Today we conclude our series on data analytics with a look at one other critical capability it can deliver for you: better reporting.
Better reporting to whom? A wide range of audiences: senior executives, the board, regulators, business partners, merger partners, leaders of operating units, and even you the compliance officer.
Better reporting about what? A wide range of issues: which elements of your compliance program work well, which ones don’t, disparities or gaps in the compliance program across your enterprise, quantified insights into your audience’s behavior, attitudes, perceptions, self-reported actions, and more.
Even better, you can see how these things shift over time in response to your compliance initiatives — giving you evidence-based feedback about which approaches, tools, messages, and channels really work (and also which ones have limited value).
The right approach to data analytics helps you generate more data and improve the quality of the data you collect.
In our experience, most compliance teams who struggle to get started with data analytics have one of two problems:
1. They don’t actually have useful data. Most data traditionally collected by compliance teams (outside of large, labor-intensive projects like program or risk assessments) tends to be simple quantitative data that can tell you a little but not a lot, like:
- 94% of the audience we assigned the course to completed it
- 100% of learners passed the test question on bribery
- Average time spent per page: two minutes, but some people spent up to 20 (sidebar: In our multi-tasking world, this will never be a useful statistic — and the fact “time on page” is cited so often in compliance analytics discussion shows just how little real data we have traditionally had to work with)
- In 2022, the helpline got x reports, which is up y% from last year, and the top topics were these five: a, b, c, d, e
In our experience, behavior metrics like these are a starting point — but they often only yield true insights when paired with qualitative data in quantified form. This becomes even more powerful when you can correlate results across multiple data sets.
For example: “Our Exports Compliance course has a year-over-year completion rate of more than 95%. However, in the course, we quizzed people on which of our products were subject to export controls — and only 24% answered correctly. As a result, we think there is more work to do. We are going to create quick guides that include a “can I export this?” decision tree, and then we will re-test the same population in six months to see if anything has changed.”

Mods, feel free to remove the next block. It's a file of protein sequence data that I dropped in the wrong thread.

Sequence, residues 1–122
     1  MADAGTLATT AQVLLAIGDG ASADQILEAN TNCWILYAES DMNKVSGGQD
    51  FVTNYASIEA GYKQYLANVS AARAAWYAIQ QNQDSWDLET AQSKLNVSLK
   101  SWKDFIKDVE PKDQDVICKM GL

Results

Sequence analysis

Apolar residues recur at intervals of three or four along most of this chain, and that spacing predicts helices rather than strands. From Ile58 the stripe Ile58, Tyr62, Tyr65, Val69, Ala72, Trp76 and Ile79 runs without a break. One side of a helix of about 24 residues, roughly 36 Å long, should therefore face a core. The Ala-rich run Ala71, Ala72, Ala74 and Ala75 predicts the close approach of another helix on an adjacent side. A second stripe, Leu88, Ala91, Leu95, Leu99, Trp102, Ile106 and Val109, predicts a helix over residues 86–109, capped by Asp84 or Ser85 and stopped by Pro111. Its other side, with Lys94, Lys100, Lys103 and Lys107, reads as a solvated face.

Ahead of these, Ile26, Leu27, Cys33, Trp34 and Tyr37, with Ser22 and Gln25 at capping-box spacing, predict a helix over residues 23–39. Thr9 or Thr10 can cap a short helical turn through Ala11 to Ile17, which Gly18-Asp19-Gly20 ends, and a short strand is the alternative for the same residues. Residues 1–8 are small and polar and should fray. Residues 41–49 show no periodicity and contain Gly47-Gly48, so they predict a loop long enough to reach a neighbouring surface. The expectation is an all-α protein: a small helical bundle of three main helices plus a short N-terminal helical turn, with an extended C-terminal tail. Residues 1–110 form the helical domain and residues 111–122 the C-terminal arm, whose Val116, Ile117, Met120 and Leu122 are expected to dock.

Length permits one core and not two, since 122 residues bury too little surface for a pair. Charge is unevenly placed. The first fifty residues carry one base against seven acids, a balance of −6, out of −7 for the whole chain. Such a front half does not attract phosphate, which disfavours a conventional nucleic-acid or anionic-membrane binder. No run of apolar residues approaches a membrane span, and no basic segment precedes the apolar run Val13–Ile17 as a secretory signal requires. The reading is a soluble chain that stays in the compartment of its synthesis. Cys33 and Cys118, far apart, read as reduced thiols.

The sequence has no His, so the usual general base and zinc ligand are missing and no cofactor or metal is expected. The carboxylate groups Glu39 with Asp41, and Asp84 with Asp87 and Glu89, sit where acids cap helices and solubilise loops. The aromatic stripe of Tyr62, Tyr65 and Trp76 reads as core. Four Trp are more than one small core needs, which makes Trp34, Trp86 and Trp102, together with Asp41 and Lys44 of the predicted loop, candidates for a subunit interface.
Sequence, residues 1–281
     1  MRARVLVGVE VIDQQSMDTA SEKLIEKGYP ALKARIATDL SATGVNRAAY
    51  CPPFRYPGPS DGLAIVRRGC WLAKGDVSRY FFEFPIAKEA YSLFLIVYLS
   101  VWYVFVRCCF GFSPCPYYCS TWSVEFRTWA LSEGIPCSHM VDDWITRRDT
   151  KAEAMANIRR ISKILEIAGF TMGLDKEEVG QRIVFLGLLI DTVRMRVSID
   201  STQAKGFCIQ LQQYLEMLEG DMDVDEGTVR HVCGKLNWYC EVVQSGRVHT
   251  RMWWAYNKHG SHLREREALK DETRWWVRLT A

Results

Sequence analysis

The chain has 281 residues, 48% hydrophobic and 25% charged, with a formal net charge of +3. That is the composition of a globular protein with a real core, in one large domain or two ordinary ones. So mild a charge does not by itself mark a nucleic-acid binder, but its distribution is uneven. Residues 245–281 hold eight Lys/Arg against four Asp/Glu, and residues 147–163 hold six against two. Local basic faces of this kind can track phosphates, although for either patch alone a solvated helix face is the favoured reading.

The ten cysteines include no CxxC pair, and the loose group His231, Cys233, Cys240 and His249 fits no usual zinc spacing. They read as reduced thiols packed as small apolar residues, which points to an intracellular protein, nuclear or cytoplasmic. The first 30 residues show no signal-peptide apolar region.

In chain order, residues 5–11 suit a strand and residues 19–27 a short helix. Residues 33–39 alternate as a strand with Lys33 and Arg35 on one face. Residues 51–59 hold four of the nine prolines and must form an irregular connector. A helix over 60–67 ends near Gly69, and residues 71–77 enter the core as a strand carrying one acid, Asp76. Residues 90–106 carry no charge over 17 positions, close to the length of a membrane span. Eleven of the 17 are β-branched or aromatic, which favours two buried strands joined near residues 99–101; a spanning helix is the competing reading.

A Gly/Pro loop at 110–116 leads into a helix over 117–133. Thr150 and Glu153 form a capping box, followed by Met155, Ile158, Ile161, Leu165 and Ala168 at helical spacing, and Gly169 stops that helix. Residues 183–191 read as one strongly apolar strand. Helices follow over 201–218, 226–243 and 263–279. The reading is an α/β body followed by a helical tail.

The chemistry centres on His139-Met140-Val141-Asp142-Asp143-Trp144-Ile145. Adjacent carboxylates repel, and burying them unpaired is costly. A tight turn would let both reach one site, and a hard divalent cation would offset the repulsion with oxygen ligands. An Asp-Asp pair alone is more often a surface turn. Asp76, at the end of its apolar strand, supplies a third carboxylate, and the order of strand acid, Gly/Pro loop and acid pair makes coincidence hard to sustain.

Simple quantitative data is one-dimensional. You can see what is happening, but you can’t see why. You can measure and report on the compliance program’s activities, but not really its performance.
2. They’ve received some potentially useful data but in the form of a dashboard or a data dump. Some analytics solutions provide a feed or report of raw data — but no help organizing or making sense of it. (As one client put it: “When I hear the word ‘analytics,’ I think: ‘So what’?”)
Three years into delivering our Drive Analytics™ solution for our clients, we are more convinced than ever that data alone is not the answer and simple software solutions are not enough. The missing ingredient? Human intelligence powered by compliance expertise.
In other words: Data is your jumping off point — but the detective work to unpack it is what unlocks its value.
Let’s take the example of tracking activity in digital Codes. Yes, it is genuinely useful to know that 23,485 unique users visited your digital Code last year, a 27% increase from the time period before that.
However, it’s even more useful to uncover why — which requires correlating the Code activity data with other information, which no piece of software can do for you.
- Let’s say you don’t know why visits increased? In that case, you have some further detective work to do, maybe via surveys, maybe via questions in a training course.
- Or let’s say, instead, during the reporting period, you intentionally increased your Code messaging, creating a campaign that included a poster, an online video, and messages from management. In that case, you can conclude your Code campaign worked! Also, the channels and messages you picked got results, so you can use them again for other compliance messages.
Making Your Reporting Matter
In this series, we’ve already covered how to put the infrastructure in place to collect data. Let’s now focus on creating meaningful reports.
A few tips for better data-based reporting: